Fri | Nov 17, 2017

JPS appeals OUR refund directive

Published:Monday | February 23, 2015 | 5:53 PM

The Jamaica Public Service Company (JPS) has announced that it will be appealing the Directive from the Office of Utilities Regulation (OUR) that it should refund over 973-million dollars to customers.

According to the OUR, the almost $1 billion was unilaterally imposed as foreign exchange adjustments on fuel supplied by Petrojam Limited from March to December 2013.

And the OUR said this was done without its approval.

In a release this afternoon, the JPS said the escalation was due primarily to the impact of the ongoing devaluation of the Jamaican Dollar.

The JPS President and Chief Executive Officer, Kelly Tomblin, said the cost of fuel is one area in which JPS is particularly exposed, because of the time lapse between when the Company is billed by Petrojam and the time it actually collects from customers.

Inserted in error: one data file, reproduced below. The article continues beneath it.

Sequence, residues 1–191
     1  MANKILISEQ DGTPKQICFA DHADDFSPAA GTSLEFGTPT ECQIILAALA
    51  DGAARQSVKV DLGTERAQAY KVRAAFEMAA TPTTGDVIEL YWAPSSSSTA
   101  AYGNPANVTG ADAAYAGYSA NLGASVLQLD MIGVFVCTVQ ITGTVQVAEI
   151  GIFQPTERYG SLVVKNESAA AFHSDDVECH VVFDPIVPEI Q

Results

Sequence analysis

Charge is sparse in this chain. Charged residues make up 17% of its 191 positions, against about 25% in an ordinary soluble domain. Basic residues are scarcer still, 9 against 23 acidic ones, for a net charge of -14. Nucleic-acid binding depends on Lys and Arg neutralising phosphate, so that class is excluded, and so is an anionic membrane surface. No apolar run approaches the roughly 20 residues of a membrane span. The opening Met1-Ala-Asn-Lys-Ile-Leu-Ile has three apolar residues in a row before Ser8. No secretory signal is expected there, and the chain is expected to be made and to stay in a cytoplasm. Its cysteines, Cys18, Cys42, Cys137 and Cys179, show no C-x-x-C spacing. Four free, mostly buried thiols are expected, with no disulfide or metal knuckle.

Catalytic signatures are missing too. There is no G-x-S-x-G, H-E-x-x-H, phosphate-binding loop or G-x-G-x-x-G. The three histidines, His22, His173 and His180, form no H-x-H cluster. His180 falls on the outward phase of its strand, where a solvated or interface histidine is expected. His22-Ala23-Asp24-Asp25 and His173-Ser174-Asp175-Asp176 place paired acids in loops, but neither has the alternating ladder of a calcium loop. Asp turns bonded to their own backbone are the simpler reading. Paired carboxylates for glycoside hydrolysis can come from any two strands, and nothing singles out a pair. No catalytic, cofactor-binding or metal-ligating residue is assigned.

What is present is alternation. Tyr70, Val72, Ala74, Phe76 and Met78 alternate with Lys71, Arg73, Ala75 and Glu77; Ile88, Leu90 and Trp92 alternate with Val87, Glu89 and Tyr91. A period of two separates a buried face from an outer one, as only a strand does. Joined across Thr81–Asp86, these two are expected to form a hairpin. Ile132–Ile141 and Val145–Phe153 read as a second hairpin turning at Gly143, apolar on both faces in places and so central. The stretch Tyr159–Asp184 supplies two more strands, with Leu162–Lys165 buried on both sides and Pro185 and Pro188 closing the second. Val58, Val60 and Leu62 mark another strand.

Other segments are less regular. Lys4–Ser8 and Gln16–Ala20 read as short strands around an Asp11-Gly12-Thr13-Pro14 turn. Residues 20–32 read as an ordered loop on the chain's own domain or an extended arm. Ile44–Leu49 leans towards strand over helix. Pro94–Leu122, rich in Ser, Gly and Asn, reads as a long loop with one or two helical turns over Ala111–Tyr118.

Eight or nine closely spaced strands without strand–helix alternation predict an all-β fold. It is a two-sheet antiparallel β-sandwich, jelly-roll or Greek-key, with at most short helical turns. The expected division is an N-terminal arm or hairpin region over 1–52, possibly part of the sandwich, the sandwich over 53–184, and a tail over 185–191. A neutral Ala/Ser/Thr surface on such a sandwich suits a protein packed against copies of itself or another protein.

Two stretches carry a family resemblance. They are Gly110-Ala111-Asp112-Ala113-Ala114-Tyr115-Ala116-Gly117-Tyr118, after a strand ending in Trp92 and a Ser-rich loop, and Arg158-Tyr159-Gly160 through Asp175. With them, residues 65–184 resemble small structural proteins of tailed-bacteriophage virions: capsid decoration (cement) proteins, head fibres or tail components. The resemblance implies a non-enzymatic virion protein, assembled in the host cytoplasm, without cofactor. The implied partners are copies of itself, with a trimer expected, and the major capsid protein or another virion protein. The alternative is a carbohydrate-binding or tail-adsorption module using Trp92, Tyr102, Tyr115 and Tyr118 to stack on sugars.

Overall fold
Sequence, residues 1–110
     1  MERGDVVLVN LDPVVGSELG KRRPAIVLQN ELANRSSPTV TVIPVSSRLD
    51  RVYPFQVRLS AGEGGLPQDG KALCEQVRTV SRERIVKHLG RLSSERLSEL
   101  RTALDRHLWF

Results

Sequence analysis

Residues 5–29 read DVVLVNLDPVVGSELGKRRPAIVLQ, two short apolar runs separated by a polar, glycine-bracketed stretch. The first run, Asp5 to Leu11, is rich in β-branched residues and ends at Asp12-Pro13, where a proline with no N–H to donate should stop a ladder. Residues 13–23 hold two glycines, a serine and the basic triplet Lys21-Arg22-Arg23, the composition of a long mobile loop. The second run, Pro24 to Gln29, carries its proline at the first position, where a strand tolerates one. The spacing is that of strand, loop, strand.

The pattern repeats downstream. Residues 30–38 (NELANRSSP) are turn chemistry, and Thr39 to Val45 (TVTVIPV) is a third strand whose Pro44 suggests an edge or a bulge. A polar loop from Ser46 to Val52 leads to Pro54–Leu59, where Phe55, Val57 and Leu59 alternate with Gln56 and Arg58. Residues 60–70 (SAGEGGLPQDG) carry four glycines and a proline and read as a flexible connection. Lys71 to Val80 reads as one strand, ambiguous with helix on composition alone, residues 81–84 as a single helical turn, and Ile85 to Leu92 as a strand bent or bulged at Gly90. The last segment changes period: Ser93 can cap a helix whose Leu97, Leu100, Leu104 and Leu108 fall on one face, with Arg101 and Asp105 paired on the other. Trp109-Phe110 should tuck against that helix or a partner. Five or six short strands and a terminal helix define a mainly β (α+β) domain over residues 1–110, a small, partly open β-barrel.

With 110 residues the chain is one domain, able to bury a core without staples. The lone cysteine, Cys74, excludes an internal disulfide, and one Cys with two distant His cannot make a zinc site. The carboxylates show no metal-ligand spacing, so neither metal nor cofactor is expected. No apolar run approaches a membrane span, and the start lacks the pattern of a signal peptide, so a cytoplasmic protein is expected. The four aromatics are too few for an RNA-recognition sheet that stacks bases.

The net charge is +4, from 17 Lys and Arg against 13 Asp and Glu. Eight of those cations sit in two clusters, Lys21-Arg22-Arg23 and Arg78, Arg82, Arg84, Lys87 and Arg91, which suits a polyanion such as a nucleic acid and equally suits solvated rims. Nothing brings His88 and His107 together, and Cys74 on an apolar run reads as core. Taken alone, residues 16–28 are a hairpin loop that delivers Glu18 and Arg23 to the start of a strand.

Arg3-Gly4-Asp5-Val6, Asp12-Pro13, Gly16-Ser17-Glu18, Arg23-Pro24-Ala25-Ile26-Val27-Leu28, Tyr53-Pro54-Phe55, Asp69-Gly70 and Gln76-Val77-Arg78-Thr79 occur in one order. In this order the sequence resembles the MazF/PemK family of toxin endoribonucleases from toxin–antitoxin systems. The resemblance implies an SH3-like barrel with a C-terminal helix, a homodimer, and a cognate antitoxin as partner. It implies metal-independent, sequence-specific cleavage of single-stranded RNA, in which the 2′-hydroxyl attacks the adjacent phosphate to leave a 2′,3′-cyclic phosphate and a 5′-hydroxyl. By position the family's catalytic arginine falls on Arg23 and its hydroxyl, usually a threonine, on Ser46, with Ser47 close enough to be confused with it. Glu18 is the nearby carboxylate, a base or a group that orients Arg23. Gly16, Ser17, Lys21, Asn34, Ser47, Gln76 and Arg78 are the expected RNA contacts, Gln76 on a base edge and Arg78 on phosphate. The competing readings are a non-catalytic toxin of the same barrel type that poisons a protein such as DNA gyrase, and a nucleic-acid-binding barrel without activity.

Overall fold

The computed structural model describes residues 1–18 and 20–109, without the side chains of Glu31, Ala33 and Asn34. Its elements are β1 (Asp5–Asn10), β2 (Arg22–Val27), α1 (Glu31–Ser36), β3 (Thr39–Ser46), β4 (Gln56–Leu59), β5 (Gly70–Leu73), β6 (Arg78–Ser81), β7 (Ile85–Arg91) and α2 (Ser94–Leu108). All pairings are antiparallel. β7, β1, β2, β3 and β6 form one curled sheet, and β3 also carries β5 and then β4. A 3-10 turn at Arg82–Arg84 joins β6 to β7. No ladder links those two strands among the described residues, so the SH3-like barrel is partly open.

She added that the $973 million accounts for just over one percent of the total fuel cost the approximately $73 billion paid by JPS to Petrojam in 2013.

“This Appeal is not about JPS,” she said. “It’s about ensuring that the Company is in a position to lower costs sustainably over the long-term and to continue improving service to our customers. When the Company is not able to recover legitimate business costs, it thwarts our ability to improve our operations, and achieve the fuel diversity that lowers cost and support the nation’s growth agenda,” she further explained in the release.

She also said the $973 million represents a part of the bigger issue of what constitutes legitimate cost recovery. 

“It is clear that the OUR and JPS have a fundamental difference regarding what prudently incurred costs include. That’s one of the main principles on which we are asking an independent panel to arbitrate in our Appeal of the recent Rate Determination. We believe that the issue of legitimate cost recovery needs to be fully reviewed, as it has far-reaching implications for Jamaica, the energy sector and for our customers,” Tomblin explained.